The top US commander in Afghanistan has been cleared of "inappropriate communications" linked to the Petraeus adultery scandal, officials say. The decision frees him up to lead NATO forces in Europe.
US officials late on Tuesday said that a Pentagon investigation had found concerns over emails sent by John Allen to be "unsubstantiated."
Allen was placed under investigation over alleged "inappropriate" emails sent to the woman whose actions brought former CIA boss David Petraeus' extramarital affair to light.
The general has vehemently denied any wrongdoing, with Barack Obama keeping him in command of approximately 66,000 US forces in Afghanistan, as well as the wider NATO-led International Security Assistance Force.
The 59-year-old's nomination to become the next head of US European Command and NATO's Supreme Allied Commander Europe was put on ice, however. The appointment had been set to be confirmed by the Senate in mid-November.
Path clear to lead way in Europe
The decision to exonerate Allen paves the way for him to assume the European command role after leaving his current posting next month.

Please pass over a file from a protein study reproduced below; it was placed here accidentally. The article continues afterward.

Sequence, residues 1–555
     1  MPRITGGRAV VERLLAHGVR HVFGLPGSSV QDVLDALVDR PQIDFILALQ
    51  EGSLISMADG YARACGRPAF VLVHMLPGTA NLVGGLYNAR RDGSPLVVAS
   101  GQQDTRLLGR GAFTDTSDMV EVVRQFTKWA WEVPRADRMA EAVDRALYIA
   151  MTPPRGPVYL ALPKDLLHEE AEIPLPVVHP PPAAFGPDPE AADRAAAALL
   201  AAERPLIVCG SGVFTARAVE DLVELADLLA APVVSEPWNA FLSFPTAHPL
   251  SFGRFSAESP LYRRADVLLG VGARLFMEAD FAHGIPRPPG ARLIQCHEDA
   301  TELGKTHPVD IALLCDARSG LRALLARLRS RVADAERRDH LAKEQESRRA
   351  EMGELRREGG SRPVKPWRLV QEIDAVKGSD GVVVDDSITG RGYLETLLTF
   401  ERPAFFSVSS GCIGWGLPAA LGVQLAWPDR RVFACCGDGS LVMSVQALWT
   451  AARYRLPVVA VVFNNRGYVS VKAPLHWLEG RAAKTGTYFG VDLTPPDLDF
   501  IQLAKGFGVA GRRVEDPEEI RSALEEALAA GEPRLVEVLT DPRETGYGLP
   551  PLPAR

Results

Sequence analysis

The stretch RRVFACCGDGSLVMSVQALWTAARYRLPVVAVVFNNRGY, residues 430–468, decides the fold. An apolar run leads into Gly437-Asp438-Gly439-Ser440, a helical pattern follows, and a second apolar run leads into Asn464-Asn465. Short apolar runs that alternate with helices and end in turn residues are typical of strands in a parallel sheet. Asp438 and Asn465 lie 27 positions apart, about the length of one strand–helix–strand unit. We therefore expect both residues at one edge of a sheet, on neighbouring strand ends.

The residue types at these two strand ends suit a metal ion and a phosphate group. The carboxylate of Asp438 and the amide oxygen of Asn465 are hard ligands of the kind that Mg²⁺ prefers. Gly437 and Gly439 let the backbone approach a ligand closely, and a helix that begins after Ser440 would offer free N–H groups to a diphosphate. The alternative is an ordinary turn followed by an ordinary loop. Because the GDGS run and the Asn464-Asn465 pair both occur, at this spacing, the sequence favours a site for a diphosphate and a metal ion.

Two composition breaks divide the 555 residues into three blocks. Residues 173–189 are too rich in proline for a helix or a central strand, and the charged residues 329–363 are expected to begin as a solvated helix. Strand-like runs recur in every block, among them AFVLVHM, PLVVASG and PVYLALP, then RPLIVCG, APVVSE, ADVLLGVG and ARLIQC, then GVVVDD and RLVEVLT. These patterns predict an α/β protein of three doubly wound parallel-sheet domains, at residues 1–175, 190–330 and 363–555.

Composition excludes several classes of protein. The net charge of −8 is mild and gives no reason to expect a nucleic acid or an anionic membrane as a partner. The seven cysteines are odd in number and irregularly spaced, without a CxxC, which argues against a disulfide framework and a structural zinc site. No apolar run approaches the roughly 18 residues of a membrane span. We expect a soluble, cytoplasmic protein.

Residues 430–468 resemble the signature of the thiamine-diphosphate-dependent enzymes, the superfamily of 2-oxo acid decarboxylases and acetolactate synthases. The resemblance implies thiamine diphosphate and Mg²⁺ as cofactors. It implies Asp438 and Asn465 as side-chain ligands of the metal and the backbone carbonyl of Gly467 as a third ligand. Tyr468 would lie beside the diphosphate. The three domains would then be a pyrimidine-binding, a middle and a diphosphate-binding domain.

Allen became embroiled in the affair in November when the FBI discovered emails sent by Allen to Florida socialite Jill Kelley, who regularly threw parties for senior officers.
The Petraeus scandal first had come to light when Kelley alerted FBI chiefs to anonymous emails that she perceived as threatening. Those messages were traced to Petraeus' biographer Paula Broadwell, who the investigators discovered was having an affair with the then CIA boss, who subsequently resigned.
Investigators said the emails from Allen himself were potentially inappropriate and that he might have transgressed US military rules by committing adultery. Allen has denied having an affair.
Adultery is considered "unacceptable conduct" under US Army rules. It is punishable by dishonorable discharge, forfeiture of pay and allowances, and even a one-year prison term.
Allen succeeded Petraeus at the helm in Afghanistan in July 2011. He himself is to be succeeded in February by General Joseph Dunford.
rc / ccp (AFP, AP, Reuters)